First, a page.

Matthew 21:1 “…Bethphage, at the Mount of Olives…”
Village on the road from Jericho to Jerusalem. Commentary not sure if it is on the west or east of Bethany. This mention refers to the Mount of Olives which makes me wonder if it was slightly closer to Jerusalem than Bethany.
2 “…Go into the village opposite you…”
Matthew lets us know about the prophecy regarding the King riding into Jerusalem on a donkey. But I wonder why Jesus chose to do it this way, why acquire them this way. Why not just find them and use them. I’m wondering if it was to show His Kingship. His followers were sent to get the donkey and colt, and they were to tell anyone who asks that the Lord had need of them. He didn’t set Himself up. Reminds me of a fellow in the Old Testament who set himself up as king. Hired men to accompany him and runners to go before him so he would look like the king, but he was not. Jesus is the King, so everything will be done for Him. He doesn’t have to do it Himself. Commentary makes the statement the disciples were to claim the right to use the animals in the service of a King, not for hire or to ask permission. That would be the idea.
7 “…the colt, laid their clothes on them…”
Says them, but was only the colt. The donkey would have followed beside or behind as it was her foal. The idea is that He rode on the smaller of the two donkeys, not on some great steed like you would assume a king would. This was the way the King of the earth chose to enter Jerusalem and which was prophesied.
9 “…Hosanna to the Son of David! ‘Blessed is He who comes in the name of the Lord!’ Hosanna in the highest!”
Cutting branches from trees and throwing their clothes on the road before Him was an act of respect in welcoming a king. The fact that they chanted what they did was welcoming Him as the Messiah. Blessed is He who comes in the name of the LORD is a Messianic psalm. The people were claiming Him to be the Messiah by their actions which led the Pharisees to complain recorded in Luke.
12 “…drove out all those who bought and sold in the temple…”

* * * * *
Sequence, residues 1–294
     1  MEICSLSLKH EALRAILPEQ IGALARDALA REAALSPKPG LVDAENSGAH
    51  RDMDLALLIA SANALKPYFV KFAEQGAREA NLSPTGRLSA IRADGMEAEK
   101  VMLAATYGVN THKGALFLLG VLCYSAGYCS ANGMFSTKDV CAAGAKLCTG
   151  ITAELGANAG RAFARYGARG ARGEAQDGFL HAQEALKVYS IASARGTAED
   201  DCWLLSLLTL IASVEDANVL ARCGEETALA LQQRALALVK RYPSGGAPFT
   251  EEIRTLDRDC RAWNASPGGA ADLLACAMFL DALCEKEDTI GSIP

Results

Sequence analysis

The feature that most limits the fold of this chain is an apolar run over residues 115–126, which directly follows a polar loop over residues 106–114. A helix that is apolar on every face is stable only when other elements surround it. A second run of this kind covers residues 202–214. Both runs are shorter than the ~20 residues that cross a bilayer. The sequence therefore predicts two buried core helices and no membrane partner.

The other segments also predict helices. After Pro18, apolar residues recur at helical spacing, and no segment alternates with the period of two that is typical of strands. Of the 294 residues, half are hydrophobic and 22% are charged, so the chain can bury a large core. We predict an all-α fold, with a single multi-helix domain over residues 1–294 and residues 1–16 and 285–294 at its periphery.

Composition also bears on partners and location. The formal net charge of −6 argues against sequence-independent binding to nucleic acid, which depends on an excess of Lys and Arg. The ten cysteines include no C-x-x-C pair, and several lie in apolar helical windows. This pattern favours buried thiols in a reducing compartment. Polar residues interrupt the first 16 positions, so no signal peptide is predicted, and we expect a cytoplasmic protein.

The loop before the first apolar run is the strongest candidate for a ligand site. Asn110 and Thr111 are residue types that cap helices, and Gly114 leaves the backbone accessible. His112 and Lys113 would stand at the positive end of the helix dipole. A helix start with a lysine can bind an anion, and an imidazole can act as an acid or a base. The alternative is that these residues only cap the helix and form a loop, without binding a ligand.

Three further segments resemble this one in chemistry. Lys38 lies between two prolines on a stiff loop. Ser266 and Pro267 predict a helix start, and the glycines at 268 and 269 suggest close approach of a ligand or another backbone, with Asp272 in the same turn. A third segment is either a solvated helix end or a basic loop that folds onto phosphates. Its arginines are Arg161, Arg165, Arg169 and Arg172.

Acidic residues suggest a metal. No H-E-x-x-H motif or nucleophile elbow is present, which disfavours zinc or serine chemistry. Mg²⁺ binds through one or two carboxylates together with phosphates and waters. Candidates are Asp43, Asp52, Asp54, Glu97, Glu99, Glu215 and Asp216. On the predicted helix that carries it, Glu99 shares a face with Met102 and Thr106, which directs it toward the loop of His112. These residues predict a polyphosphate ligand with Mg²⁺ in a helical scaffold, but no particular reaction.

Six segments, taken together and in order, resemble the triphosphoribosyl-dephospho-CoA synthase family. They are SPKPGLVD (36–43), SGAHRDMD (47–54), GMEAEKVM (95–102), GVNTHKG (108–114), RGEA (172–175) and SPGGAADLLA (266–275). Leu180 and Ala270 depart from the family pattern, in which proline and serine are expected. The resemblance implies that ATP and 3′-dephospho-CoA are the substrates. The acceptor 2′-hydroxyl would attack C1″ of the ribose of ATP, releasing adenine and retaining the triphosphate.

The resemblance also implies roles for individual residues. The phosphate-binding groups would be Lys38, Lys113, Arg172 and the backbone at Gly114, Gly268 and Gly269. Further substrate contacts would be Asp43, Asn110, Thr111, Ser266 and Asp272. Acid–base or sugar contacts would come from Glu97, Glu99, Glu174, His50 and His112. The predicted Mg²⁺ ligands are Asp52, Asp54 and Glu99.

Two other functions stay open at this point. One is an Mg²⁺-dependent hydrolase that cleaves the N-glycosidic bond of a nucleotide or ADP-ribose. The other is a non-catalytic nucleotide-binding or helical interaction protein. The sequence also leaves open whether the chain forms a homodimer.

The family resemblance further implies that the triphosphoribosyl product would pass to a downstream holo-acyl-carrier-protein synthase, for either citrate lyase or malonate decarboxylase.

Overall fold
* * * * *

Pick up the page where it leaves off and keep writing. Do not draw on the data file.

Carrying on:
Some try to liken this to doing business in the sanctuary of modern churches. Not quite the same. The temple area had different sections. There was the outer court where Gentiles were allowed, the inner court where Jews could come, then the Holy of Holies where only the high priest could go. The money changers had set up in the outer court so they were disrupting any worship by Gentiles. They were supposed to be offering a service to those who had to travel a great distance by selling lambs for sacrifice and by exchanging money types to be used in the temple, but apparently there was corruption in their actions. Probably overcharging and selling lesser merchandise. Jesus referred to them as thieves. They were supposed to be doing business fairly and properly and doing it outside the outer court.
15-16 “…the children crying out in the temple…Do You hear what these are saying”
Children picked up the praises of the people. Pharisees didn’t like it at all. Their question for Jesus was actually do you not realize they are calling You the Messiah. Jesus didn’t deny it. He not only said yes, but referred them to scripture in Psalm 8 which said it would happen. Everything was happening around them just as scripture predicted, yet the religious leaders refused to believe it.
17 “…went out of the city to Bethany…”
The house of Martha, Mary, and Lazarus. Commentary suggests their names weren’t mentioned in the first three gospels to keep from calling unwanted attention to them, perhaps until after Lazarus died. After Jesus raised him from the dead, the religious leaders sought a way to kill him as he was an example of Jesus’s power, and people were following Jesus because of him.
19 “…a fig tree by the road, He came to it and found nothing on it but leaves…”
Mark records that it wasn’t the season for figs, so I’ve wondered why Jesus cursed the tree for lack of figs. Actually, the fig trees sometimes had early production. When He saw the tree with all its leaves out, He could naturally assume it should have some early figs by now, but it didn’t. Made it appear as one that looked like it should be productive, but was not. Which brings out the more important reason for the action. He was setting it up as an example for Israel. Just like the fig tree they had all the indications of being a nation of God, all the indications that they were producing fruit, ready to accept the Messiah and ready to share Him with the world. But the outward appearance, just the leaves, was all they actually had. Jesus pronounced the judgment on the fig tree, and it withered away completely. He will later pronounce judgment on Israel. Will go into detail there when I encounter it, but it amounts to the fact that Israel as a nation would not recognize Jesus as the Messiah until He returns the second time.
21 “…if you have faith and do not doubt…”
Seems Jesus used the amazement of the disciples as another lesson in faith. I wonder why He didn’t choose to tell them about the connection of the incident with Israel. Commentaries don’t mention anything.
I hope you enjoy reading and studying His word. May it accomplish what He desires. Please feel free to comment or post questions. Thanks for reading!
Scripture taken from the New King James Version®. Copyright © 1982 by Thomas Nelson. Used by permission. All rights reserved.